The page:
TAMPA — Today the world is focused on Miami, but once the Lombardi Trophy is lifted, the spotlight will again swing to Tampa for Super Bowl 55.
One of the biggest entertainment spectacles on the planet comes to town next year and while the city has played host to the championship game four times before, the world has changed dramatically. Tampa, too.
When the Pittsburgh Steelers won at Raymond James Stadium in 2009, Airbnb was just getting started. Instagram and Uber didn’t exist.
Metal detectors and fan patdowns before entering the stadium were still controversial. And Florida was center stage for the Great Recession, tamping down the party.
By kickoff on Feb. 7, 2021, a decade-long construction boom will have delivered more than $2 billion worth of new hotels, airport renovations, destination parks and ambitious food halls to the bay area. There’s a wholly updated Curtis Hixon Waterfront Park, the new Armature Works a redesigned and renamed Sparkman Wharf and — most important — the Tampa Riverwalk.
“The continued transformation of our community since 2009 has been truly incredible,” said Rob Higgins, president and chief executive officer of the Tampa Bay Super Bowl LV Host Committee. From renovations to Raymond James Stadium to new hotels and entertainment options, “this will be a totally new experience from the last time we hosted.”
Much of the makeover has taken place along the water in or near downtown Tampa. There, starting with the 2017 College Football National Championship, local officials figured out how to use the 2.5-mile-long Riverwalk as a traffic-free artery for people in town for a big event.
The Riverwalk, completed in 2015, allowed fans to move from hotels to activities without driving or parking. It showcased Tampa’s waterfront. And it kept them engaged, with stages for live music, vendors selling beer, coffee and ice pops, and temporary poster-sized decals on the pavement pointing the way to various destinations.
Tampa replicated the model for the National Hockey League All-Star Game the following year, and it plans to do so again in February 2021.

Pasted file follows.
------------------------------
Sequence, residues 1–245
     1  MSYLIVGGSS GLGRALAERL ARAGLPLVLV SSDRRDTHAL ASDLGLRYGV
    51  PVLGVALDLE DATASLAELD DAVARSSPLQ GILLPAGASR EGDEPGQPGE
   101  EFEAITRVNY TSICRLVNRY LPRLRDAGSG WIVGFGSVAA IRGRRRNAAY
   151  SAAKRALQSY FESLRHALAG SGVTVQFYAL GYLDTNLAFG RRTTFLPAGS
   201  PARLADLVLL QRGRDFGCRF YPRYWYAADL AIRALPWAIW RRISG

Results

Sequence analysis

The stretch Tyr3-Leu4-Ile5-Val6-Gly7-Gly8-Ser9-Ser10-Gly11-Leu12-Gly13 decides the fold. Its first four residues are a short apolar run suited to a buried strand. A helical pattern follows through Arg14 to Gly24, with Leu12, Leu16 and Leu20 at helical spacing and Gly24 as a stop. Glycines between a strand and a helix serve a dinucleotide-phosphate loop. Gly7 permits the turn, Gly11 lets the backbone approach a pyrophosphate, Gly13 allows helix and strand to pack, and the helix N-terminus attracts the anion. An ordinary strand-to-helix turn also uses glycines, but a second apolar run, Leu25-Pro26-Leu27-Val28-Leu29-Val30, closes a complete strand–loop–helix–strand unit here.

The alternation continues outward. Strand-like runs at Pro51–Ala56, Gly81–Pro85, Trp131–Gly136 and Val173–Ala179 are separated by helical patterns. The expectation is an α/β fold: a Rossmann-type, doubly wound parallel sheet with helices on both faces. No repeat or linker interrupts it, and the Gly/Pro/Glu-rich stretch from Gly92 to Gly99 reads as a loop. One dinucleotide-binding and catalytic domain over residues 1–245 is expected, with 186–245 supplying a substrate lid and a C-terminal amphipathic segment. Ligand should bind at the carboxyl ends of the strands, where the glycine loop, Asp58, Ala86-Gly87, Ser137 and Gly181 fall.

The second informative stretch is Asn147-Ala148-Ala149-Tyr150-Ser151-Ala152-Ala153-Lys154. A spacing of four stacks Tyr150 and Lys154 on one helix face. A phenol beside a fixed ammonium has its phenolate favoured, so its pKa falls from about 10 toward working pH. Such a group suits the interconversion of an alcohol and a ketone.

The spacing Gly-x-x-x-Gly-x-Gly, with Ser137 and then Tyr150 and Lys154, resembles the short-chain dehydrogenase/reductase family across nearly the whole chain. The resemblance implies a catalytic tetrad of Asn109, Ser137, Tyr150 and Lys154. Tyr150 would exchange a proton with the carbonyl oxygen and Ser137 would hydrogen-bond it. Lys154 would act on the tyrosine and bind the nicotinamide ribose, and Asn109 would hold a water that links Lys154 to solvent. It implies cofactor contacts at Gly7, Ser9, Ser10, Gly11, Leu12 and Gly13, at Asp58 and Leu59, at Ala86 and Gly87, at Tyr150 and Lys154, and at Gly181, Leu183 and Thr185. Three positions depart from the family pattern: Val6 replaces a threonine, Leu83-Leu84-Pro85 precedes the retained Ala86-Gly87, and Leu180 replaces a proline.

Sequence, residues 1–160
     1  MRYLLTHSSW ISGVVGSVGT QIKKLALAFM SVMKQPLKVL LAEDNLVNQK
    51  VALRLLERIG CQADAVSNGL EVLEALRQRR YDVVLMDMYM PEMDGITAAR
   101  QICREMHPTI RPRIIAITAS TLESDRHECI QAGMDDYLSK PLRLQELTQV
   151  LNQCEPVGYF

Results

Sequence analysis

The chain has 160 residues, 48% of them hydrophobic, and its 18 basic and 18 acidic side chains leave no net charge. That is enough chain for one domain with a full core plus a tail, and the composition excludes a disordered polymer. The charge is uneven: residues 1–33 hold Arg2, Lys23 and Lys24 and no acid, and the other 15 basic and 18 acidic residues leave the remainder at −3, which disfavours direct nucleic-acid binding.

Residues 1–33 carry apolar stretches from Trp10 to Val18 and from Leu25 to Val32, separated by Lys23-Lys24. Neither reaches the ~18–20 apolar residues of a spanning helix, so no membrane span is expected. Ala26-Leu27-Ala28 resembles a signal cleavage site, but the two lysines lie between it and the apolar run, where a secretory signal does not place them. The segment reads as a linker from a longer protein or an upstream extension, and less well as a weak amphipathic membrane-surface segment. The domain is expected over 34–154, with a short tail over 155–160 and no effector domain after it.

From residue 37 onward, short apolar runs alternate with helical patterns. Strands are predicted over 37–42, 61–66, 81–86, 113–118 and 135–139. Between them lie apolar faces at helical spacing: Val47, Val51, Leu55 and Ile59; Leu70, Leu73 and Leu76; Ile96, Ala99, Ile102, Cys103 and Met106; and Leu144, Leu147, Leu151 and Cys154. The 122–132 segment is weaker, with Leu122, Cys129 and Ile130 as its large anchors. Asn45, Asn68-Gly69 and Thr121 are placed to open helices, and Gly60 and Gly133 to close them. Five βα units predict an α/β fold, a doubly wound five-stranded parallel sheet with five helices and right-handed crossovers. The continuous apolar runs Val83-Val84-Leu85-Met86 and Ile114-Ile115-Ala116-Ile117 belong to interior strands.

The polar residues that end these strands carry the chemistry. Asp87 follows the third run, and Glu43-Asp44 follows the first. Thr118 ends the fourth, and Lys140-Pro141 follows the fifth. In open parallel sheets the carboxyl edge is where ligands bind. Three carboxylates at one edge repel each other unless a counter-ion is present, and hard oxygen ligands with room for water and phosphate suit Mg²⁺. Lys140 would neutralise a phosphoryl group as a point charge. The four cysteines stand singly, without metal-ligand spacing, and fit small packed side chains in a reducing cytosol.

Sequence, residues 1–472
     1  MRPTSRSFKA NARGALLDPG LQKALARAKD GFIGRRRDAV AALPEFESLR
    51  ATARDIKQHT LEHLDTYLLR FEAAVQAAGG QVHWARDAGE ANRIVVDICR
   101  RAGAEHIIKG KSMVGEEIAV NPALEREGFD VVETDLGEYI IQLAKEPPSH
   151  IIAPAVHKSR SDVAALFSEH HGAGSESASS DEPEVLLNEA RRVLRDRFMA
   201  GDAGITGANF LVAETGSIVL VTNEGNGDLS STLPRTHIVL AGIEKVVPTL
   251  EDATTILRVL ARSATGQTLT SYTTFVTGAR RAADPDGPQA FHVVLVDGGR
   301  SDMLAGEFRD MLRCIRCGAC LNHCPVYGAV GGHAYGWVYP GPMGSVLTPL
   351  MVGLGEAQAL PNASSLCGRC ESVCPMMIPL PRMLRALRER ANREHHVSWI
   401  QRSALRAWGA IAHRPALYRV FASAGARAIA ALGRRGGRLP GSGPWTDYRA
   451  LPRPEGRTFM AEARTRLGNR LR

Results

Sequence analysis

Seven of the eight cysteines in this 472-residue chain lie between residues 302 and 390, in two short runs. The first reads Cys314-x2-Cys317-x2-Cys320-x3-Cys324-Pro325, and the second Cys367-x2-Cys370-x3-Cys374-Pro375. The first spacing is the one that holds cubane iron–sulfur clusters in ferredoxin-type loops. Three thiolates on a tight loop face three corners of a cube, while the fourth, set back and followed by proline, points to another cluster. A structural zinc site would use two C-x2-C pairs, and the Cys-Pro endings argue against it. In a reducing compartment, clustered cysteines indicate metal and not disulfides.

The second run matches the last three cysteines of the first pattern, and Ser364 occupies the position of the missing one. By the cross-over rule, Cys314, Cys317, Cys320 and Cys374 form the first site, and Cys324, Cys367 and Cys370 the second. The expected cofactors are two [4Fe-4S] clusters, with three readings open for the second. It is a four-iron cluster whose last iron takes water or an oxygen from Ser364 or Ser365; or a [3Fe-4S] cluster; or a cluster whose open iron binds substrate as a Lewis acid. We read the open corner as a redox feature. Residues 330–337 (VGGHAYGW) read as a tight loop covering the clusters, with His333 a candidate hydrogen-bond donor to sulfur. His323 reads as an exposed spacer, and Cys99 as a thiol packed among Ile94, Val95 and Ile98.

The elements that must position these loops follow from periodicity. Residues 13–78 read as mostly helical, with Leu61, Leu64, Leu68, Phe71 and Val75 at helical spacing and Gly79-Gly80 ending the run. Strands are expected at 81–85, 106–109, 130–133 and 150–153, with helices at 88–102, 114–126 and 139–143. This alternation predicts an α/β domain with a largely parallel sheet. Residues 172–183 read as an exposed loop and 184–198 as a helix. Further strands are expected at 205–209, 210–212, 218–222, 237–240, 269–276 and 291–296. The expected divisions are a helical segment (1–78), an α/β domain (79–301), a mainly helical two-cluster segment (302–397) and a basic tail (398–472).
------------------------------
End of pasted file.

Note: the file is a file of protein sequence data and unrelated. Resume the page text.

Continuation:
“The heart of the experience around Super Bowl will be in downtown Tampa along the Riverwalk … taking advantage of all the great venues we have,” Higgins said.
At Water Street Tampa, the JW Marriott hotel, scheduled to open in September, and the neighboring Tampa Marriott Water Street are expected to serve as the headquarters hotels for the NFL. The Tampa Convention Center likely will be a media hub for visiting journalists.
The NFL and the small army of journalists who follow the Super Bowl used the Marriott Water Street, formerly the Tampa Marriott Waterside, when the game was in Tampa in 2001 and 2009. The hotel recently got a $50 million makeover that included renovations to every room, a new lobby and new restaurants, including 200 seats on the patio overlooking the hotel’s marina and the Riverwalk. The Marriott Water Street also will be connected to the new JW Marriott via an elevated walkway, effectively allowing the two hotels, with more than 1,200 rooms and extensive new meeting space, to work together to host events.
Showcasing Tampa’s downtown for the Super Bowl isn’t a new idea. In 2001, organizers brought in the B-52s for a media party at the Florida Aquarium. The same year, the city moved the Gasparilla pirate invasion to the day before the Super Bowl to give visitors more to do. Instead, it turned out to be too much to handle. (Next year, Gasparilla will be Jan. 30, the last Saturday of the month, as usual.)
The difference is that now there’s more to showcase: food halls at the Armature Works, Sparkman Wharf and at the Hall on Franklin, more restaurants, more nightlife and parks, including Curtis Hixon, Water Works Park and Julian B. Lane Riverfront Park.
Those parks have all been held for Super Bowl events. Announcements of concerts or other activities will come later, but don’t be surprised to see some of those spaces used for the NFL Experience events that took place outside Raymond James Stadium in 2009.
Tampa Mayor Jane Castor expects this event to “be much different” in “how involved the public can get in the activities leading up to the Super Bowl.”
“They’ll be much more accessible,” she said.